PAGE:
Last updated on March 9th, 2022
For the second of my 3-day San Diego itinerary, I decided to do something a little different. Instead of a big breakfast, I went for a big run. Harbor Drive and the Embarcadero are great spots for a morning run in San Diego. You’ll rub shoulders with the mighty USS Midway and catch some of that early California sunshine that even in February, still warms you up. We’ll be back later in the day to further explore this area of town.
Aside from great beaches and fine surf, San Diego is rich with history and today, I will explore pretty much where it all started, in Old Town. The easiest way to get there is with the red line trolley, which you can catch at the famous Santa Fe Railroad Depot. This iconic San Diego landmark was built in classic Spanish style in 1915 for the expo (the same one that led to the creation of the zoo). It’s still a functioning train station today and definitely worth checking out.
The Spanish colonized this part of California in 1769 with a hillside garrison and of course, a Spanish Mission. As part of a Pacific Coast Highway road trip, I visited the Carmel Mission and learned about one famous Padre named Junipero Serra who built 21 missions in California, one of them – right here in San Diego. In the 1820s, the Mexican presence in this part of California grew and down the hill where the garrison stood, a small little town began to form around a large square. This same square is the present-day Old Town San Diego.
Today’s Old Town is both touristy and historical. Restored and reconstructed buildings around the original squares are the main attraction here. Highlights include a visit to the Casa De Estudillo, an 1830 adobe and Casa de Bandini, the former home of a politician and writer. Fans of the Old West will also appreciate the wagon museum and old courthouse. I must admit that it was quite interesting to learn how this remote part of the continent was settled back in the day.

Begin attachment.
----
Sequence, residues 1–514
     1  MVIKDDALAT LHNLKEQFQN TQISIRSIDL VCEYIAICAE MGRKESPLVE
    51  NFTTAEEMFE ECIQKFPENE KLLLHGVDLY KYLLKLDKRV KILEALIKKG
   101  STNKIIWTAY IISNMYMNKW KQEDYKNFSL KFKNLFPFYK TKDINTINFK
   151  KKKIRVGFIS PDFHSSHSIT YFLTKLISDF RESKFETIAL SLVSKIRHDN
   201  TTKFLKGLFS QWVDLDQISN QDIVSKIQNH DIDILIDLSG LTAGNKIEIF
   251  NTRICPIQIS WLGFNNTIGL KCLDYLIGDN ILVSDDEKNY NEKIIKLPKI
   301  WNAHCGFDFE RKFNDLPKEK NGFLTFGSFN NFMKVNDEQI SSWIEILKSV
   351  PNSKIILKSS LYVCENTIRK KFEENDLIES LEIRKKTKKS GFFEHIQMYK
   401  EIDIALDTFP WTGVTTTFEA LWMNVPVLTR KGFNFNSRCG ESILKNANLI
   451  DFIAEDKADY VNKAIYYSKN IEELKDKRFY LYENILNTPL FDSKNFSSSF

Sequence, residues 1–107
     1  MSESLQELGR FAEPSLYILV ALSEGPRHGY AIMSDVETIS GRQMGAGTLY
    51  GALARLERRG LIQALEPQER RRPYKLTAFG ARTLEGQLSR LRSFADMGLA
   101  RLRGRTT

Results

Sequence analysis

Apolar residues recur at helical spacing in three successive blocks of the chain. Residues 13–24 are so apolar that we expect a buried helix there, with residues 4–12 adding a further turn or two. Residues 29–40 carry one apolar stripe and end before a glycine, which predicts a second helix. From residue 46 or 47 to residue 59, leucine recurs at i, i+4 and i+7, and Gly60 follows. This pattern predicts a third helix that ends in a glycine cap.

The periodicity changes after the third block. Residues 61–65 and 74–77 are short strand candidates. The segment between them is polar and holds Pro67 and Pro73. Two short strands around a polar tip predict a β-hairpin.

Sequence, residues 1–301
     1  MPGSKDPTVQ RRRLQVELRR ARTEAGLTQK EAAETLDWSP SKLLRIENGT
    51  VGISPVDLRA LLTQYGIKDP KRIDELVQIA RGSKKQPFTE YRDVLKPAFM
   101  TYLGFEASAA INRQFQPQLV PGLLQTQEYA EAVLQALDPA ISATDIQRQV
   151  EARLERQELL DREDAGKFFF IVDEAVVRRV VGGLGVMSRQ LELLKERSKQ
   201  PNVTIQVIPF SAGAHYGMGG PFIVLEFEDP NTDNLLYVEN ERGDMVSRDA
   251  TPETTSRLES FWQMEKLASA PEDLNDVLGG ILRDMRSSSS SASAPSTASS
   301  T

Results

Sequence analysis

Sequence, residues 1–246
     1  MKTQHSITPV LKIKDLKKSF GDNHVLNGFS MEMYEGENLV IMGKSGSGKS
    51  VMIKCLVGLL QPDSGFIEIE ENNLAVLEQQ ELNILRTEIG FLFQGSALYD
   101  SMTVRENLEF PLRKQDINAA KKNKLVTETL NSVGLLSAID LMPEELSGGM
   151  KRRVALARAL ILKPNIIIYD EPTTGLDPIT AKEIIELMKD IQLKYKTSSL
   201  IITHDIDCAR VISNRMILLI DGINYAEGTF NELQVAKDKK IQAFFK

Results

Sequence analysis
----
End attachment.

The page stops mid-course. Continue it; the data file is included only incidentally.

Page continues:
If you’re not a huge fan of history, Old Town has a few things for you as well. You’ll find here plenty of cafes, restaurants, galleries, souvenirs and a few specialty shops selling anything from Spanish ceramic tiles to ‘try it at your own risk’ hot sauce. Another one of my favorites was the tobacco shop & museum which goes out of its way to provide visitors with an authentic feeling but is surely not the healthiest strategy for the employees.
For lunch, I decided to satisfy my craving for Mexican food and headed outside the Old Town complex to Old Town Mexican Cafe. It’s been making excellent Mexican food for over 30 years and everyone in town knows about it. You’ll pretty much find anything you want on the menu and the tortillas are made fresh on the property – just have a look as you enter. I had excellent chicken tacos and to be honest – could have just kept going!
Back on the trolley and back to the harbor, it was such a typical San Diego sunny day that I decided to explore the lovely waterfront. Living in Ireland has probably not done wonders for my vitamin D levels so soaking up some much-needed sun was a good idea. Harbor Drive boasts a relaxed promenade, dominated by the USS Midway, which we’ll visit in just a second – and eventually makes its way to Seaport Village, a complex of cafes and waterfront restaurants, built around the harbor that’s home to fishing vessels and fancy yachts.